Date of Award:

12-2008

Document Type:

Dissertation

Degree Name:

Doctor of Philosophy (PhD)

Department:

Sociology, Social Work, and Anthropology

Committee Chair(s)

Michael B. Toney

Committee

Michael B. Toney

Committee

Eric Reither

Committee

E. Helen Berry

Committee

Sandra T. Marquart-Pyatt

Committee

Julie Gast

Abstract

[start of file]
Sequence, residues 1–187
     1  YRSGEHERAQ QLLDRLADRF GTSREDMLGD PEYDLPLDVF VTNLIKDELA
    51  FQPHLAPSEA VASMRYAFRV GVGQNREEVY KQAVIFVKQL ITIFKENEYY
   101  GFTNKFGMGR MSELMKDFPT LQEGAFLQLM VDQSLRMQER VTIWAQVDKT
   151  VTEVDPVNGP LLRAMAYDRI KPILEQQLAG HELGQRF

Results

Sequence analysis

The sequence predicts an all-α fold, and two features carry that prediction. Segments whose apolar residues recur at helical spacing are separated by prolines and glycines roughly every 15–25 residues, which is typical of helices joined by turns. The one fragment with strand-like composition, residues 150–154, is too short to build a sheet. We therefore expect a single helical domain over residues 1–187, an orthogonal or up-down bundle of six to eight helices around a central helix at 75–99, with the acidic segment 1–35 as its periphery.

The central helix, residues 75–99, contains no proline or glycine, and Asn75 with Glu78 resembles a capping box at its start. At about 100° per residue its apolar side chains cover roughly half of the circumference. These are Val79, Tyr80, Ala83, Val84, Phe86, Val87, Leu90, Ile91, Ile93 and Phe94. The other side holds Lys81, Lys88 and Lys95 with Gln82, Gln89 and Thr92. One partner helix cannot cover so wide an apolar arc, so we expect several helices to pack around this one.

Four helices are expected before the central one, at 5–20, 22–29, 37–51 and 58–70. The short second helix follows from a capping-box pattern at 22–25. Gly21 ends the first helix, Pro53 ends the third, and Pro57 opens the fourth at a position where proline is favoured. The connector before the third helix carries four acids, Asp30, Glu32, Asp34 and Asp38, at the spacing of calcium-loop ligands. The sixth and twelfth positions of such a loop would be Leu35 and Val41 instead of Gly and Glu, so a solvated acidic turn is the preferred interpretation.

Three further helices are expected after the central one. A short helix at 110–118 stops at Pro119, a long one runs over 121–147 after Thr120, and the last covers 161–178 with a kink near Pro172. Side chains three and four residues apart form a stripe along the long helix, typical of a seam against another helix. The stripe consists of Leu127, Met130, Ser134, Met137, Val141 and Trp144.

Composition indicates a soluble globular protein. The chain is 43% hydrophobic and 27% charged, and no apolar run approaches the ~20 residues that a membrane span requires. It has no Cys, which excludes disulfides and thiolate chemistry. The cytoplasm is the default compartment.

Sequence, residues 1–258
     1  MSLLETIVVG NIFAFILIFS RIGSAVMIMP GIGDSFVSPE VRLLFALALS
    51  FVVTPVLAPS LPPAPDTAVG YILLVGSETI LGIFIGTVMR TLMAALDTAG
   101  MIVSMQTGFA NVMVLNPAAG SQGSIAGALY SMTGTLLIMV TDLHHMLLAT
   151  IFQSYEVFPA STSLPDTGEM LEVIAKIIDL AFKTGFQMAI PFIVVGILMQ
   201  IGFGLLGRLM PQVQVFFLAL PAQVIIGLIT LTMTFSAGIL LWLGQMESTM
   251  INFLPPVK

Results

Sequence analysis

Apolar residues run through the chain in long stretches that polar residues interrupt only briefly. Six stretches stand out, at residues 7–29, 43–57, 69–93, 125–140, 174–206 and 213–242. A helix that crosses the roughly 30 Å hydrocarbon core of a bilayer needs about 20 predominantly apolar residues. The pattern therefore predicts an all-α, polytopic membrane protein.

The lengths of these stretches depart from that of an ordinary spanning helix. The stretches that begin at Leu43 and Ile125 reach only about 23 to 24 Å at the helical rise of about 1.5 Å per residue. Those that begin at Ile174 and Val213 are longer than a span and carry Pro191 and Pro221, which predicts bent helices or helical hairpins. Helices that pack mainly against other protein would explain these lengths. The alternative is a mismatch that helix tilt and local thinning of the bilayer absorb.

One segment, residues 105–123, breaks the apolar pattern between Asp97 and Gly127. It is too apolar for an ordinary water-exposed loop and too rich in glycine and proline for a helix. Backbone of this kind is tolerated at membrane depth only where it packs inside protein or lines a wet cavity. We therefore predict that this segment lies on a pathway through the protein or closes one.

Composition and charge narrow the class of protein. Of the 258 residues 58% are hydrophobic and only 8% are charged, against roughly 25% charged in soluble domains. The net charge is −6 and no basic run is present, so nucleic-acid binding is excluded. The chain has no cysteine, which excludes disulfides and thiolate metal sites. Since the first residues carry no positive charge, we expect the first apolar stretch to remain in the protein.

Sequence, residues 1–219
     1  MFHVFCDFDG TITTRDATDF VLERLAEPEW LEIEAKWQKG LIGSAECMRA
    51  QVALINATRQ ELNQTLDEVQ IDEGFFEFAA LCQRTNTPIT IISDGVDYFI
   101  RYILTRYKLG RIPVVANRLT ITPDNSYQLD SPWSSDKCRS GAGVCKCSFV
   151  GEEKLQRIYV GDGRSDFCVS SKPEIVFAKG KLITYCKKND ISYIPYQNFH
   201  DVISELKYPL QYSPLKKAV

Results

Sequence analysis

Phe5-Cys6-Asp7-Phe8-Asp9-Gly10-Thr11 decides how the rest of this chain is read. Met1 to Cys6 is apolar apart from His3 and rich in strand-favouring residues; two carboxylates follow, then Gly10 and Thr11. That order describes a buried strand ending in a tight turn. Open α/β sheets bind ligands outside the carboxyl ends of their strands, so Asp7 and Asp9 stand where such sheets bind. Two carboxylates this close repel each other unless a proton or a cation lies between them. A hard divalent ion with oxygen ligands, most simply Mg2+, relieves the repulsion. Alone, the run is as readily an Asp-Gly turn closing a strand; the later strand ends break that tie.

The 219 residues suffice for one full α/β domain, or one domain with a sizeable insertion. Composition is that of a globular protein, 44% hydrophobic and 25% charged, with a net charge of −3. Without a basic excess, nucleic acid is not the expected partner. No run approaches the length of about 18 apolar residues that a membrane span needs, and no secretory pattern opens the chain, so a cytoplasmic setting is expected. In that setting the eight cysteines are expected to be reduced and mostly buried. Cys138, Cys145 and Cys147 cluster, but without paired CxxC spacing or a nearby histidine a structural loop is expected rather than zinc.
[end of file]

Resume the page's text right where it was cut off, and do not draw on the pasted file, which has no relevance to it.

The purposes of this study are to examine migration disparities in primary, onward, and return migration by Hispanics, non-Hispanic black, and non-Hispanic white and to inspect the differences among the various types of migration. In addition, this study explores explanations of the migration disparities. These have been rarely studied because of a lack of proper migration data. This research employs the National Longitudinal Study of Youth (NLSY79) for a logistic regression of primary migration and for a hierarchical generalized linear model (HGLM) of the two types of repeat migration, namely onward and return. The results demonstrate that whites are more likely to make primary and onward migrations compared to blacks and Hispanics. But, with return migration, significant differences between whites and other minorities are not found. With respect to the contributors or explanations, this study indicates that the racial/ethnic migration disparities are not explained by socioeconomic status as opposed to explanations by human capital perspectives. The racial/ethnic disparities in migrations seem to be produced by discrimination and an unequal distribution of opportunities. Return migration presents several interesting different patterns compared with the other type migrations, including the effects of age and educational attainment. For return migration, old and less educated individuals have higher odds, showing reversed pattern of total, primary, and onward migration. The findings seem to indicate that different characteristics are involved in different types of migration.

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